Why Philosophical Realism is Illusory

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Veritas Aequitas
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Why Philosophical Realism is Illusory

Post by Veritas Aequitas »

Philosophical Realism [P-realism] is not Realistic.
The thing that P-realist supposed in really real existing out there independent of the human mind is actually a merely speculated-thought in their head, thus illusory.

What is Philosophical Realism [P-realist];
1. Philosophical Realism is .. about a certain kind of thing .. is the thesis that this kind of thing has mind-independent existence, i.e. that it is not just a mere appearance in the eye of the beholder.
2. This includes a number of positions within epistemology and metaphysics which express that a given thing instead exists independently of knowledge, thought, or understanding.
3. [Philosophical] Realism can also be a view about the properties of reality in general, holding that reality exists independent of the mind, as opposed to non-realist views which question the certainty of anything beyond one's own mind.
4. Philosophers who profess [Philosophical] realism often claim that truth consists in a correspondence between cognitive representations and reality.
5. [Philosophical] Realists tend to believe that whatever we believe now is only an approximation of reality but that the accuracy and fullness of understanding can be improved.
6. In some contexts, [Philosophical] realism is contrasted with [Philosophical] idealism. Today it is more usually contrasted with anti-realism, for example in the philosophy of science.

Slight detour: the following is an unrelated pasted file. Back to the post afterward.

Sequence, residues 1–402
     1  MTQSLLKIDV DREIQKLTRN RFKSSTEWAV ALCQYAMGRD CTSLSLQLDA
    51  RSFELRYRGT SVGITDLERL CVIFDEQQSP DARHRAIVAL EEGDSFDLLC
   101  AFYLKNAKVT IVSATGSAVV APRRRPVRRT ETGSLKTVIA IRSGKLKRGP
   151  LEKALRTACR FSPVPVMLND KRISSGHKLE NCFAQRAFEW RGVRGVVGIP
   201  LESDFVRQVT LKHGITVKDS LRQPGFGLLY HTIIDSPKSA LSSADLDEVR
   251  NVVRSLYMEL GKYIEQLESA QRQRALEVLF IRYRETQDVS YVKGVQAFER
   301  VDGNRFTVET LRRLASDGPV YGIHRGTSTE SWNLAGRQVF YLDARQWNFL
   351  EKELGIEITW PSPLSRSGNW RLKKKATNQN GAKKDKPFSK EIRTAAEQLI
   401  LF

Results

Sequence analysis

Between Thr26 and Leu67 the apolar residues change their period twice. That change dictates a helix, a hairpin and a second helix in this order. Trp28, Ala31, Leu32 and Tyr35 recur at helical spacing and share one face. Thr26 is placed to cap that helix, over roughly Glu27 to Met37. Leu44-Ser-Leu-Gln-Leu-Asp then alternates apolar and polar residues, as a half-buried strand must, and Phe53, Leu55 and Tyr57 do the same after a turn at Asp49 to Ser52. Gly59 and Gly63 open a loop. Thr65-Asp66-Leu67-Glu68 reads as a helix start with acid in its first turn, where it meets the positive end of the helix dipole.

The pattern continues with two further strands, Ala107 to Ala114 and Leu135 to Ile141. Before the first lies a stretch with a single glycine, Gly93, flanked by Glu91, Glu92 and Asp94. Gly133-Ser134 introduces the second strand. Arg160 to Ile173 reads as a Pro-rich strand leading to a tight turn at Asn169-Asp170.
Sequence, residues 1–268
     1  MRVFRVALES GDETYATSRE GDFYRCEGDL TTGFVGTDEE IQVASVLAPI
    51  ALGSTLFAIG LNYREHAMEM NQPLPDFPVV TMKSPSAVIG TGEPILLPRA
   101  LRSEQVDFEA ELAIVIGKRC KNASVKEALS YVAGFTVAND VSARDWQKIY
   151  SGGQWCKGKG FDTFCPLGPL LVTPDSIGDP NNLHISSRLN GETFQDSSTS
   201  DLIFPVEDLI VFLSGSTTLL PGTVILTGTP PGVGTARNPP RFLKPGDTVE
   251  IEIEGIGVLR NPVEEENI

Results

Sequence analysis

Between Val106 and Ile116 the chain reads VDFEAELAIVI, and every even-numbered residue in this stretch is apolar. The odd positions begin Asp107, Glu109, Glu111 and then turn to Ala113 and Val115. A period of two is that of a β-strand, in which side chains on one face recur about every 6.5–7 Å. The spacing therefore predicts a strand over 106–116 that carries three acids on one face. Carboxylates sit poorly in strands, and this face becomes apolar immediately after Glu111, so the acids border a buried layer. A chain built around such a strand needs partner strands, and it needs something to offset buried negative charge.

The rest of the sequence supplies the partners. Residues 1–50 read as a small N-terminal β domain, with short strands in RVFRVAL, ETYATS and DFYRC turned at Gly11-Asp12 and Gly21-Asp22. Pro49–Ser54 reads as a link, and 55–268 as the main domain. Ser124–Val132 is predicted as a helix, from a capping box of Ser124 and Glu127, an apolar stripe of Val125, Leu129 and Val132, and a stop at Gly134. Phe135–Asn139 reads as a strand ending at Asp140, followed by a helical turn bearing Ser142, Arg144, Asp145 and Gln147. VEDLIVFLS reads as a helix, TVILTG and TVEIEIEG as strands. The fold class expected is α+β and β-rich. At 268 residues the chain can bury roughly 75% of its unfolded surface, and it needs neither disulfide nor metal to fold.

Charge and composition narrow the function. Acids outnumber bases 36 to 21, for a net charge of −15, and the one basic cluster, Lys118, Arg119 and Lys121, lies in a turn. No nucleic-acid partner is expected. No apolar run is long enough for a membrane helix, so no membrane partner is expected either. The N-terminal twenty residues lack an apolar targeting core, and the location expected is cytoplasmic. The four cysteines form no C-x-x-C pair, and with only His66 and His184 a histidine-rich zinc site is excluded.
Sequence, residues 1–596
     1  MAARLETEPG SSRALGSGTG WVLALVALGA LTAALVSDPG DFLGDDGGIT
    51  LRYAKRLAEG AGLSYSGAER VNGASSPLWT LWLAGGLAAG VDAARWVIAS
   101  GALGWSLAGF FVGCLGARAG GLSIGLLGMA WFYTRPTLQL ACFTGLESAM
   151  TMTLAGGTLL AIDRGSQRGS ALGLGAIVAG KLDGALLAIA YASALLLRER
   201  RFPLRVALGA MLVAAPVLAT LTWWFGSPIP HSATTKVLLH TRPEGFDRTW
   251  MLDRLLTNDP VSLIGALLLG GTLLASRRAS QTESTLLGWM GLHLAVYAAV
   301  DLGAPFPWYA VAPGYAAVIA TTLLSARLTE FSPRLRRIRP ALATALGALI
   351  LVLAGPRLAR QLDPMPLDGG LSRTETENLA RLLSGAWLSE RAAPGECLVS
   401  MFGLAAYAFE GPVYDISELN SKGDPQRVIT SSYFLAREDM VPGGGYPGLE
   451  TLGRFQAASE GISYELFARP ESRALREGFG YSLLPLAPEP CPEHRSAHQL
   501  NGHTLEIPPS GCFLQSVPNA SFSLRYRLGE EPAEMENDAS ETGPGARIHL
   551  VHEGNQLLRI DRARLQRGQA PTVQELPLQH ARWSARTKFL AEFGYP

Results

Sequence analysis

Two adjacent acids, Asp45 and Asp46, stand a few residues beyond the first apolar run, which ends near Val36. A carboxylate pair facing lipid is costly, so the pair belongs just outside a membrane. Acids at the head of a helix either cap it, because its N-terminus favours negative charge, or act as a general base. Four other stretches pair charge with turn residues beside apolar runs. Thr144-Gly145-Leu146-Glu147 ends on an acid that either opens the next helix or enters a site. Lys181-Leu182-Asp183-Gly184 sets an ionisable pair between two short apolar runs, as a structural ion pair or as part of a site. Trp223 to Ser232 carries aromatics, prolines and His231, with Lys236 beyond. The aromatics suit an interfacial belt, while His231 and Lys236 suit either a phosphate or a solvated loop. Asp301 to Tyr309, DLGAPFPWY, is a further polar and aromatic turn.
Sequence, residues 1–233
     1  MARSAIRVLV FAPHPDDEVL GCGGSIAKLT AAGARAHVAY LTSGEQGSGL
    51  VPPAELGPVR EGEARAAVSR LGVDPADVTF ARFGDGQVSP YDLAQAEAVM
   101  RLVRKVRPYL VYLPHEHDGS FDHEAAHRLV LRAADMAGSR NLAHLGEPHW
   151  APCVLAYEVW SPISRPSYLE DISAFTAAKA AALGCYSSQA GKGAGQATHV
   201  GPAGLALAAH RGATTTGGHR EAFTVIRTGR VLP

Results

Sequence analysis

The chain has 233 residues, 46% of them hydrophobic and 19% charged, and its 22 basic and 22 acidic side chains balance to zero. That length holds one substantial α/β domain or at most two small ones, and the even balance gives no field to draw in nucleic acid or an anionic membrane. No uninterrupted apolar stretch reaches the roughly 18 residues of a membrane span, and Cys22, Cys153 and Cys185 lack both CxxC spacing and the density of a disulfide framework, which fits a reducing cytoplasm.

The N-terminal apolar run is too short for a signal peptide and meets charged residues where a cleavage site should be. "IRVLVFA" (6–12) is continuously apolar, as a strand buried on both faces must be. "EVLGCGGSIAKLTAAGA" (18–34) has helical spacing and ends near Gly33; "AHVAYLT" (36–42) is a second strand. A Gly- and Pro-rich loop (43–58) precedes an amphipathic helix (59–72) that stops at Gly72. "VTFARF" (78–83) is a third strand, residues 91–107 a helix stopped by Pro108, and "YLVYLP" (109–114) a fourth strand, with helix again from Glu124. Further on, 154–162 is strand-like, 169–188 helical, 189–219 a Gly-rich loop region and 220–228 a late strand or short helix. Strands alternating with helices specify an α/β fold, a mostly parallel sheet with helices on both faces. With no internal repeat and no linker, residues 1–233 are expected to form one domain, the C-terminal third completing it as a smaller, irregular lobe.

https://en.wikipedia.org/wiki/Philosophical_realism
For the P-realists, there is always a REALITY-GAP between what is perceived and their supposed mind-independent object out there.
As such, a P-realist will NEVER EVER know his supposed 'real' mind-independent object out there

What is the Reality-GAP? [time-gap]
Image

The REALITY-GAP [time-gap] can be represented by the blue-arrow above.

To a philosophical Realist [P-realist] the REAL candle in the picture exist as a mind-independent object from the human.
In this case, the REAL candle is separated from the person, as such there is no way the person will ever realize and know what the REAL candle really is.
As such there is a REALITY-GAP [like the blue-arrow] for the person, i.e. between the real-candle and the person.
What the person know as the candle is merely an inferred reality from his experiences.
There is NO WAY the person will EVER know what the supposed real independent candle is.

This is amplified by the perception of our Sun.
It takes about 9 minute for the light to reach the human person on Earth.
As such, no P-realist on Earth will ever know what is the real-Sun really is.
What the P-realists realize is merely the 9-minute old Sun and never the really-real independent Sun.

The Reality-Gap should be more obvious for the P-realist.
Note
Is the Star, Proxima Centauri Real?
viewtopic.php?t=40154
P-realists can perceive an independent Proxima Centauri in the sky which they suppose is really real, but in real time, the supposed real Proxima Centauri could have died and disappear.

As such re P-realism. there is always a REALITY-GAP or time-GAP between the person and what is supposed to be real, existing independent of the human mind out there.
This REALITY-GAP [time] gap can be in terms of the minutest nano-millimeters in term of distance or nano-seconds in term of time.